Whether you’ve been a vegan for decades or just starting to dabble with a plant-based diet, one of the most common things you’ll be asked is “how do you get enough protein?!” Many people assume that without meat, your muscles will wither away or that “vegan protein” equals gross “veggie” burgers and frankenfood.
While we don’t believe that there is one perfect diet or way of eating for everyone, we are here to make sure that you are getting the right amount of nutrients and fuel your body in the best way possible.
So plant-based people, we give you permission the laugh in the face of anyone else who says you can’t possibly get enough protein following a vegan diet. And then immediately enlighten them with this article.
The real challenge is not that there’s limited sources of plant proteins (because trust us, there are plenty!) but understanding which options give you the most bang for your protein buck and how to prepare them. We’ve included a few recipes and cooking tips that’ll please your palate and won’t freak your family out.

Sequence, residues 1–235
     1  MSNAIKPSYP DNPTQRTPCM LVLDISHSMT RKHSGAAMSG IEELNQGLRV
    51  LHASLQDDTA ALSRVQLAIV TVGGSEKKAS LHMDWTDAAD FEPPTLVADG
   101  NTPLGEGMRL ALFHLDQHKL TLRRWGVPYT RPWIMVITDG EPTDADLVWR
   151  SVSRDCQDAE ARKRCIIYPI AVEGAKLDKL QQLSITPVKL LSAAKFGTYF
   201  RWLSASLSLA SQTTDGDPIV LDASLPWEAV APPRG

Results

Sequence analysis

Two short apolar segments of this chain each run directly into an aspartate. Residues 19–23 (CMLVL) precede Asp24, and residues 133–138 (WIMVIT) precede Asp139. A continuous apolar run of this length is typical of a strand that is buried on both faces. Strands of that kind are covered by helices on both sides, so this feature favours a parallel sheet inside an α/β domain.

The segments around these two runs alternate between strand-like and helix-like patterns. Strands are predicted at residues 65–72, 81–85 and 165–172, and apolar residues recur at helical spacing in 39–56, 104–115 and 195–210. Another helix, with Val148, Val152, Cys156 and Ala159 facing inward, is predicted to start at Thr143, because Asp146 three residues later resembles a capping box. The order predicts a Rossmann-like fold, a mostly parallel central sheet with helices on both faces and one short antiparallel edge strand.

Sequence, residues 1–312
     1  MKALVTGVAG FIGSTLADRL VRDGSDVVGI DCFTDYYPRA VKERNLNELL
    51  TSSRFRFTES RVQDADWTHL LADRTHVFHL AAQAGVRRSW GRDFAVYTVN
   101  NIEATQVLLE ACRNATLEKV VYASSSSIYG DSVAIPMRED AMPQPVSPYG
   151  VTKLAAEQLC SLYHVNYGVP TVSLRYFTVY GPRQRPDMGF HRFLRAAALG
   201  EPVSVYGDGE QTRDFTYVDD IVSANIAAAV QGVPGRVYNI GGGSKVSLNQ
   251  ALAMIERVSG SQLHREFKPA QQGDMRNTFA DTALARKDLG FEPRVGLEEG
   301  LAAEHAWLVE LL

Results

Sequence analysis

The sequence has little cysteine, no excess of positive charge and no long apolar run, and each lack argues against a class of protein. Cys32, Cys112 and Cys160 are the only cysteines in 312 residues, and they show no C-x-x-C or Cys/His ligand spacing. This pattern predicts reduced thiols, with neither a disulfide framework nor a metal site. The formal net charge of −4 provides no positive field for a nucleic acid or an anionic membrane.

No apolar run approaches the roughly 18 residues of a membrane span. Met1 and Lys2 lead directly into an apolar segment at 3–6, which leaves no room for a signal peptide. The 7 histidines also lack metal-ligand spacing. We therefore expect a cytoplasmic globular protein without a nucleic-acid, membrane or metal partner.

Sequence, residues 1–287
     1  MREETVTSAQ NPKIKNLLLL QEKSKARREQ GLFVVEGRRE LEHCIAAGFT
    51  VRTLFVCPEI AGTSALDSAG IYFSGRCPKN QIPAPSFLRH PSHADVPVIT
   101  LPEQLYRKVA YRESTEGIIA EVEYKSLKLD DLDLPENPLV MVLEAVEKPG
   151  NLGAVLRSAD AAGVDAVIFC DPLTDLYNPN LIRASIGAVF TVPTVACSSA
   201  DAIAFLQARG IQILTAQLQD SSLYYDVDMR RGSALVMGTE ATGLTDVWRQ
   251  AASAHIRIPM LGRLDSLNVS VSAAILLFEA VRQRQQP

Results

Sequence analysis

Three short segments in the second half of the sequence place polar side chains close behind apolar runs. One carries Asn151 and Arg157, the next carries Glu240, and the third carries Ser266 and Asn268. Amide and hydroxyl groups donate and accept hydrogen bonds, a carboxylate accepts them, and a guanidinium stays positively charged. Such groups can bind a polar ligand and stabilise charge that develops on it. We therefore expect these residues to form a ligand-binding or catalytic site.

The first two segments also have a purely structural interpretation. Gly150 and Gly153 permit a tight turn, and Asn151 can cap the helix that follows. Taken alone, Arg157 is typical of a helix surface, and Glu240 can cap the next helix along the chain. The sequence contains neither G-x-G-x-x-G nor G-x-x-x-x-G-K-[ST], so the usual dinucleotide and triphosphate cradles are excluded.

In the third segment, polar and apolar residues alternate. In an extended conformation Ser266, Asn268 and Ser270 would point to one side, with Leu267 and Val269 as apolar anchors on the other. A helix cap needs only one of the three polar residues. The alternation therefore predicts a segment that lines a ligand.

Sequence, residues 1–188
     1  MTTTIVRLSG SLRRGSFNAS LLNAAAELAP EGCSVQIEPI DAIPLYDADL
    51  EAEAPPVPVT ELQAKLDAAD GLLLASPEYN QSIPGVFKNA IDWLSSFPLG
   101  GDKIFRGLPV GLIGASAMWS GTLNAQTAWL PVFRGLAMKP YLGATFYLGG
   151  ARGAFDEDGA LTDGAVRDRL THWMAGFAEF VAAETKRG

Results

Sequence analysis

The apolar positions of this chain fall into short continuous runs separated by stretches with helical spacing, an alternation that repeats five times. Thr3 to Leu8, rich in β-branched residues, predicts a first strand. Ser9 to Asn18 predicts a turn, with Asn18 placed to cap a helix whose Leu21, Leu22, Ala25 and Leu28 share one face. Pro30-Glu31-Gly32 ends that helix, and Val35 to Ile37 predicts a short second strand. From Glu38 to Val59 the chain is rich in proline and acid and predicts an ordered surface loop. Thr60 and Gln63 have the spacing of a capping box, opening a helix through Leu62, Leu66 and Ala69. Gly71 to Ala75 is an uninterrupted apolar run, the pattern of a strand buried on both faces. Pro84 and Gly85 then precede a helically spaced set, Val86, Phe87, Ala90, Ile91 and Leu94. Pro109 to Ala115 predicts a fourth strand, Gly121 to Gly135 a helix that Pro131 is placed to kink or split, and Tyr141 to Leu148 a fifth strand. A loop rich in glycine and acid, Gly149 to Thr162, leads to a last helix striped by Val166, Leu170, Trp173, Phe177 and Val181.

Also known as “wheat meat,” Seitan is a great meat alternative for those who don’t have gluten intolerances or Celiac Disease. Seitan takes on a similar texture to meat when cooked which makes it a great alternative for meat in virtually any recipe. To make things more interesting, throw it on the grill and serve it with chimchurri sauce (because chimichurri makes everything delicious) or use your seitan to spice up taco night.
Nutrition Panel (per 1 ounce): 1 grams protein, 4 grams carbohydrate, <1 gram fat. It’s also a good source of selenium and iron!
Derived from fermented soybeans, Tempeh has become a popular meat alternative for all eaters due to it’s boastful flavor and nutrition profiles.
After cooking, tempeh takes on a nutty, seedy flavor and a pleasantly chewy texture. You can marinate it, slice it, dice it, and crumble it anyway your heart desires, then toss it into pasta dishes as meatballs, saute it into a breakfast hash, or add it to a crockpot for vegan chili.